With investor-owned hospital companies waiting on the sidelines, Baylor Health Care System appears to have played keep-away with some of its hospitals.
Five of the Dallas-based not-for-profit system's 13 hospitals earlier this year changed their articles of incorporation within days after Baylor University said it was considering selling the entire system to an investor-owned chain for $1.2 billion.
The changes effectively barred the university and its regents from appointing the members of the five hospitals' governing boards. Instead, control of the hospitals was placed under an existing subsidiary of the healthcare system called Baylor Health Services.
"We did a corporate restructuring to defend ourselves," said Jennifer Coleman, vice president of public affairs at Baylor Health Care System.
Behind-the-scenes maneuvering by the healthcare system and its hospitals came to light in a federal lawsuit filed this month in U.S. District Court in Waco, Texas, by Baylor University against a hospital consultant the school believes has excessively billed it for services (June 9, p. 26).
"Baylor lost any control it previously had over five of the hospitals within the healthcare system when those hospitals amended their articles of incorporation," the suit states. "The loss of control over these hospitals frustrated the purpose of the (consulting) agreement and made performance of that agreement impracticable."
Nashville-based consultant Josh Nemzoff had been hired to evaluate the possibility of a sale of the system hospitals to a for-profit company, among other options.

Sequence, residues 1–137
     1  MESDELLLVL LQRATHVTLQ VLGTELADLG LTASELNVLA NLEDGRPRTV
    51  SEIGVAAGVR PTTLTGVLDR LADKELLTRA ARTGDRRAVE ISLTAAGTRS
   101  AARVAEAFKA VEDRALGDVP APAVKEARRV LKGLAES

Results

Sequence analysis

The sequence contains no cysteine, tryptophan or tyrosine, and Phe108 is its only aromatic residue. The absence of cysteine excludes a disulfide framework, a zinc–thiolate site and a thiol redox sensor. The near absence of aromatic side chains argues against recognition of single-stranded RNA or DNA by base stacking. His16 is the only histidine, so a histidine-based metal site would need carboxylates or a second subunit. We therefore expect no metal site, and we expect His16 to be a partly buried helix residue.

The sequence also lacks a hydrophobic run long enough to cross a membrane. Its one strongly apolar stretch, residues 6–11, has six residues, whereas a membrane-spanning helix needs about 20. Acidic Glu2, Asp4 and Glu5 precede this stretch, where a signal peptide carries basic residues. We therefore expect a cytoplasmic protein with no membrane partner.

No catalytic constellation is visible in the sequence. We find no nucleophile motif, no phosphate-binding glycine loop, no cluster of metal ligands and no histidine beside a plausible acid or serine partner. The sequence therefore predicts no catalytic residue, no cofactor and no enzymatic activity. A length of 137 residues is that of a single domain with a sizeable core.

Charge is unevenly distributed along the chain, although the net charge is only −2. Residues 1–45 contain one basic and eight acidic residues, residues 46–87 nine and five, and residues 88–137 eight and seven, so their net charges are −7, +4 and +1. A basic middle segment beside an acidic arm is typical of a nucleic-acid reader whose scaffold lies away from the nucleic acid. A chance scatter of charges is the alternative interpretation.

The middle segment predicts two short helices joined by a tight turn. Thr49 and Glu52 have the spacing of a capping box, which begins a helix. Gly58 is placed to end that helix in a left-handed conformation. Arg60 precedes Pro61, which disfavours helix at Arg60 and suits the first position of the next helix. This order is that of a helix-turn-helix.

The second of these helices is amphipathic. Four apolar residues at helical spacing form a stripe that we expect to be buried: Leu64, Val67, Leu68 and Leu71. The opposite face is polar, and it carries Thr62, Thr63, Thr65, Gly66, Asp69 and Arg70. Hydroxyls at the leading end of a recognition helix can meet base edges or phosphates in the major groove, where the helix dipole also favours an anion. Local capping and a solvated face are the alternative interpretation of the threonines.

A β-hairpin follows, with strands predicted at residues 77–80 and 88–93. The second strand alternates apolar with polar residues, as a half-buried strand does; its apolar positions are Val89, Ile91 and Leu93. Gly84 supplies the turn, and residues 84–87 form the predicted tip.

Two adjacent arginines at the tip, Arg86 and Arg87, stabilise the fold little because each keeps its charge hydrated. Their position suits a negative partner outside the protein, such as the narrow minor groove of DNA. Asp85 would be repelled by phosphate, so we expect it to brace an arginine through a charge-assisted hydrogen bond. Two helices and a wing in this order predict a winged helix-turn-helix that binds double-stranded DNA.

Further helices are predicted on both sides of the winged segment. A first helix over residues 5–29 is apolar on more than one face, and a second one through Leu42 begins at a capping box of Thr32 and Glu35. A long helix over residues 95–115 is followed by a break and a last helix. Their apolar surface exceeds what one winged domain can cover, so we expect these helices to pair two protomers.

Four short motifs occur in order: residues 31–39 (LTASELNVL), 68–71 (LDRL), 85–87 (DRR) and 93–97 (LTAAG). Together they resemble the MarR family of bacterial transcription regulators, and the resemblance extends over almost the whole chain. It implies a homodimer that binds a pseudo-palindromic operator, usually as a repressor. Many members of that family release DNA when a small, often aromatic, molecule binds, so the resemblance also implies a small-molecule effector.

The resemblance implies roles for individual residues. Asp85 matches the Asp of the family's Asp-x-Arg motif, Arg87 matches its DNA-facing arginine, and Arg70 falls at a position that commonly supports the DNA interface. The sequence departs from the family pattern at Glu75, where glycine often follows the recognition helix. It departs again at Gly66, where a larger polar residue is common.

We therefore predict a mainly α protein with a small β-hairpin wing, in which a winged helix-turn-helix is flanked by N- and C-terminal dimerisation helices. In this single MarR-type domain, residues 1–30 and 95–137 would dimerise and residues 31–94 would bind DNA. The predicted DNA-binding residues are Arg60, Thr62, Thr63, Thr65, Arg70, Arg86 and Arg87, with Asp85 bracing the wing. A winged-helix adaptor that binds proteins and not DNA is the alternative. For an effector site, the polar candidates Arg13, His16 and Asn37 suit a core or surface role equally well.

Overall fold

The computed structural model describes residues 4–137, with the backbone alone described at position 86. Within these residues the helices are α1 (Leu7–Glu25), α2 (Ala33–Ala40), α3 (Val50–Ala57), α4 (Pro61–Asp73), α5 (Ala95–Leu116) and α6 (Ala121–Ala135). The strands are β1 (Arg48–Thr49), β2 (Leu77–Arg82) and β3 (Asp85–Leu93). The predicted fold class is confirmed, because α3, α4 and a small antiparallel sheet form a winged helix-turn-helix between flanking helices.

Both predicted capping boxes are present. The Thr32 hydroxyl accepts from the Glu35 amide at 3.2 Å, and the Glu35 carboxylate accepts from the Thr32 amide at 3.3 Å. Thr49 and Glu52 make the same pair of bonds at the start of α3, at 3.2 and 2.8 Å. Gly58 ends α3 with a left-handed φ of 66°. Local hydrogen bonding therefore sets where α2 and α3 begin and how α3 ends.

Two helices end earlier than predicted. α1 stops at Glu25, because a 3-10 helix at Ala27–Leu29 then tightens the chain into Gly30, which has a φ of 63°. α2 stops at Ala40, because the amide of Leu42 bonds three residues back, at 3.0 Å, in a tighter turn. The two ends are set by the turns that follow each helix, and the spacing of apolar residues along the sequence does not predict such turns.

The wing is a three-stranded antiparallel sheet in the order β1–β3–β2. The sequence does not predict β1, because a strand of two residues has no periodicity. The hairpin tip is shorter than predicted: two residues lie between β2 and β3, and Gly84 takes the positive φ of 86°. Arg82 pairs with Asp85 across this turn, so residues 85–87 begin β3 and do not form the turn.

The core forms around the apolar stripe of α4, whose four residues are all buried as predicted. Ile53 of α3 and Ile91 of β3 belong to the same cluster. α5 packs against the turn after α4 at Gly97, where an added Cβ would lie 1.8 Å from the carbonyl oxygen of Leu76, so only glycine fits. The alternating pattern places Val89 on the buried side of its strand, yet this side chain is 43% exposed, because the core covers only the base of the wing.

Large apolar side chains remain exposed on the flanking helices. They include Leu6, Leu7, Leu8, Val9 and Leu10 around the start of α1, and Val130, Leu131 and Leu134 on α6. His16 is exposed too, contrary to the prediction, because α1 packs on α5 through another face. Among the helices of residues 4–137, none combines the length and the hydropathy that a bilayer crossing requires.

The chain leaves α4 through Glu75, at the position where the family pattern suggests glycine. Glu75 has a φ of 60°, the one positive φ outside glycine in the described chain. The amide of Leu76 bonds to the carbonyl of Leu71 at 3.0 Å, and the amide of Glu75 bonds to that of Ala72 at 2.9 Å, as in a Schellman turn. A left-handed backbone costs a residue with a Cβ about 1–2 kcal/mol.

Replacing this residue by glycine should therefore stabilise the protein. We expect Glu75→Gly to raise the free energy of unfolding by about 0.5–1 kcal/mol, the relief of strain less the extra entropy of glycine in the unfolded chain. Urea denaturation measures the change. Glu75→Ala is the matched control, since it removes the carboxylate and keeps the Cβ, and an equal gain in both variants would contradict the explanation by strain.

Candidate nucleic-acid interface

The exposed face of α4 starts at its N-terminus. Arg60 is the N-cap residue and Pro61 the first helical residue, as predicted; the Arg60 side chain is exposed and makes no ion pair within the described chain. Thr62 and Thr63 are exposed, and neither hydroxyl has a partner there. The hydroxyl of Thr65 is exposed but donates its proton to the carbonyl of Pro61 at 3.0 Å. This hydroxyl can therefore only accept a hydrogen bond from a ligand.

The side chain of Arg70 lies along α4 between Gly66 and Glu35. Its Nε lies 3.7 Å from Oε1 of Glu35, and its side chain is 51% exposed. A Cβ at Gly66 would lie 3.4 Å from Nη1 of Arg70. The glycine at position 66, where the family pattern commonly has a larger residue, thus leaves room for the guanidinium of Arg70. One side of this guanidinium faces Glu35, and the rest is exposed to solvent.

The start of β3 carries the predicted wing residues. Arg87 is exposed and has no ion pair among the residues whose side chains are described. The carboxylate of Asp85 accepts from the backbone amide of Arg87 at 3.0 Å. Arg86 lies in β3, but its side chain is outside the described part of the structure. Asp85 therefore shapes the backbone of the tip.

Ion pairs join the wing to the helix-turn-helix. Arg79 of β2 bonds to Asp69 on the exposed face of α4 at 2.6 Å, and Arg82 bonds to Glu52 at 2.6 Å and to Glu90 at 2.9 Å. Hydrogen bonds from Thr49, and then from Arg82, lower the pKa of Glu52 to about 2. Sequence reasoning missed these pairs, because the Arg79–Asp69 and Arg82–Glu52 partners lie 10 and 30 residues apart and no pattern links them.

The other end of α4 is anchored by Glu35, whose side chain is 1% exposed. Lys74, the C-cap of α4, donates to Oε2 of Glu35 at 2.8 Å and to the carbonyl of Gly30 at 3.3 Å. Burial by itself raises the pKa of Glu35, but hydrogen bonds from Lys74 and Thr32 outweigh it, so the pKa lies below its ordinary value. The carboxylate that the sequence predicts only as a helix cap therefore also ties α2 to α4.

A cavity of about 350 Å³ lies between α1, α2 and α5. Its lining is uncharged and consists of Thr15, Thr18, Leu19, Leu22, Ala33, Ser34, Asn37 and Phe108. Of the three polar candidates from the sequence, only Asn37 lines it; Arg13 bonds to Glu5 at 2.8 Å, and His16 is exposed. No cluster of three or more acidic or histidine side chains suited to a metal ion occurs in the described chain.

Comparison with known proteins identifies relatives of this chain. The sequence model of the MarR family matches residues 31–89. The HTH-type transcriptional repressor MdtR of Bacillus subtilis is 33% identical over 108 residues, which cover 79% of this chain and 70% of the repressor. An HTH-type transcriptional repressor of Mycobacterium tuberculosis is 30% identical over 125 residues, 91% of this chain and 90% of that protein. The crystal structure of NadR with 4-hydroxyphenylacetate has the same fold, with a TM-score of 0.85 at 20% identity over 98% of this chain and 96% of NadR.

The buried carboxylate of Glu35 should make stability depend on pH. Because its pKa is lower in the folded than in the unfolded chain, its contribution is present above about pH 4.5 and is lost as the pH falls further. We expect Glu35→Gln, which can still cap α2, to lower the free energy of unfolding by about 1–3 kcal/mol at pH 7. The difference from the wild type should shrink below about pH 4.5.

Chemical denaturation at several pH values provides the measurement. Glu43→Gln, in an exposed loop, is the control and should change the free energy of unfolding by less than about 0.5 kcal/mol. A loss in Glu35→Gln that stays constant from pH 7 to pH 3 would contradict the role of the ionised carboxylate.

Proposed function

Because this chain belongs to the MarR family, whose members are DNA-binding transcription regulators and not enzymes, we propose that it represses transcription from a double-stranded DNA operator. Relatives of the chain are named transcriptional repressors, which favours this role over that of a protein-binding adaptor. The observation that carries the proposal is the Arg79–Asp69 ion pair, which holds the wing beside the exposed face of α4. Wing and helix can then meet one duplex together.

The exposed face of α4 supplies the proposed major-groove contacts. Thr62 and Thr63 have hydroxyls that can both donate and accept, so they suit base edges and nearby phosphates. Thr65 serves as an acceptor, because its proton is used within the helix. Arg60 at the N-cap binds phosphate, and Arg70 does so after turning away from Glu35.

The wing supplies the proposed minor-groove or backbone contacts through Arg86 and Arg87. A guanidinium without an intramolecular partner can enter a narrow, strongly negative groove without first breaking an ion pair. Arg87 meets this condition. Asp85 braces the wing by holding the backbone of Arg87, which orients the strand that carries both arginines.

The healthcare system changed its articles of incorporation within six days of Baylor University's Jan. 17 announcement that it was considering a sale to an investor-owned chain. Thus, the university said in its lawsuit that it wouldn't have had a system worth anywhere near $1.2 billion if the university had been successful in its attempts to sell.
The university has since ceded control of Baylor Health Care System to the system's board after a controversy erupted over which organization controlled the system (April 7, p. 33).
But the healthcare system denies it was using the community hospitals as pawns during the controversy.
"(The new bylaws were) just basically changing the (university) regents' power to appoint boards," Baylor's Coleman said. "There was a change so that the regents no longer had power of appointment over trustees at our community hospitals. It had nothing to do with a change in the assets."
The system wouldn't make public the articles of incorporation.
The five hospitals involved are Baylor Center for Restorative Care in Dallas; Baylor Institute for Rehabilitation in Dallas; Baylor Medical Center-Ellis County in Waxahachie, Texas; Baylor Medical Center at Grapevine, Texas; and Baylor Medical Center at Garland, Texas.
Several of those five hospitals, all of which are owned by the healthcare system, became a part of the system on "handshake deals" when Boone Powell Sr. was building the Baylor network, Coleman said. His son, Boone Powell Jr., is now president and chief executive officer of the healthcare system.
The system includes eight owned or leased hospitals and five affiliated hospitals. With 1,861 acute-care licensed beds, the system has $1.1 billion in assets and had $846 million in operating revenues last year.
Meanwhile, the university confirmed it is hoping to reach a settlement with Nemzoff, who said he was unaware of such an offer.
Baylor University filed a lawsuit against Nemzoff over a $4.2 million fee he claims the school owes him.
Nemzoff told the university's board of regents that the system would be worth as much as $1.2 billion. That figure was used to calculate Nemzoff's $4.2 million, or 0.35%, fee.
But the university said it was only looking at options, not committing to a sale.